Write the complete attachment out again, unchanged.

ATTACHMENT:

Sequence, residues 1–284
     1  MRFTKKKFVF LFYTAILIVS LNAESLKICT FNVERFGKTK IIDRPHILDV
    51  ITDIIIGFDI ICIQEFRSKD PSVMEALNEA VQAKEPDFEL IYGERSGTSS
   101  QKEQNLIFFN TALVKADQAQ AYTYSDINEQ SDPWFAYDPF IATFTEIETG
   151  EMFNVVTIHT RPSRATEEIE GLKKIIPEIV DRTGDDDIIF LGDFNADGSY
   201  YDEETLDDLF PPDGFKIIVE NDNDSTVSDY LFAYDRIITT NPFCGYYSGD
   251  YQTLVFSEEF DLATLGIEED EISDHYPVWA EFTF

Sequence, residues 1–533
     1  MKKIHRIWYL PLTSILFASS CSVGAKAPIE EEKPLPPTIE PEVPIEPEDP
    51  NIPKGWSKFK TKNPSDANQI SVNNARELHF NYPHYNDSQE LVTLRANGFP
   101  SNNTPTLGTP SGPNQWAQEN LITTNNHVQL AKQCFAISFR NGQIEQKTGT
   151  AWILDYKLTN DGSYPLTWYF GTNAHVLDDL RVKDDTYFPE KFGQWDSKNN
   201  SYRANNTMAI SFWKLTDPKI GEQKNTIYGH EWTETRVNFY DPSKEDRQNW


Sequence, residues 1–284
     1  MRFTKKKFVF LFYTAILIVS LNAESLKICT FNVERFGKTK IIDRPHILDV
    51  ITDIIIGFDI ICIQEFRSKD PSVMEALNEA VQAKEPDFEL IYGERSGTSS
   101  QKEQNLIFFN TALVKADQAQ AYTYSDINEQ SDPWFAYDPF IATFTEIETG
   151  EMFNVVTIHT RPSRATEEIE GLKKIIPEIV DRTGDDDIIF LGDFNADGSY
   201  YDEETLDDLF PPDGFKIIVE NDNDSTVSDY LFAYDRIITT NPFCGYYSGD
   251  YQTLVFSEEF DLATLGIEED EISDHYPVWA EFTF

Sequence, residues 1–533
     1  MKKIHRIWYL PLTSILFASS CSVGAKAPIE EEKPLPPTIE PEVPIEPEDP
    51  NIPKGWSKFK TKNPSDANQI SVNNARELHF NYPHYNDSQE LVTLRANGFP
   101  SNNTPTLGTP SGPNQWAQEN LITTNNHVQL AKQCFAISFR NGQIEQKTGT
   151  AWILDYKLTN DGSYPLTWYF GTNAHVLDDL RVKDDTYFPE KFGQWDSKNN
   201  SYRANNTMAI SFWKLTDPKI GEQKNTIYGH EWTETRVNFY DPSKEDRQNW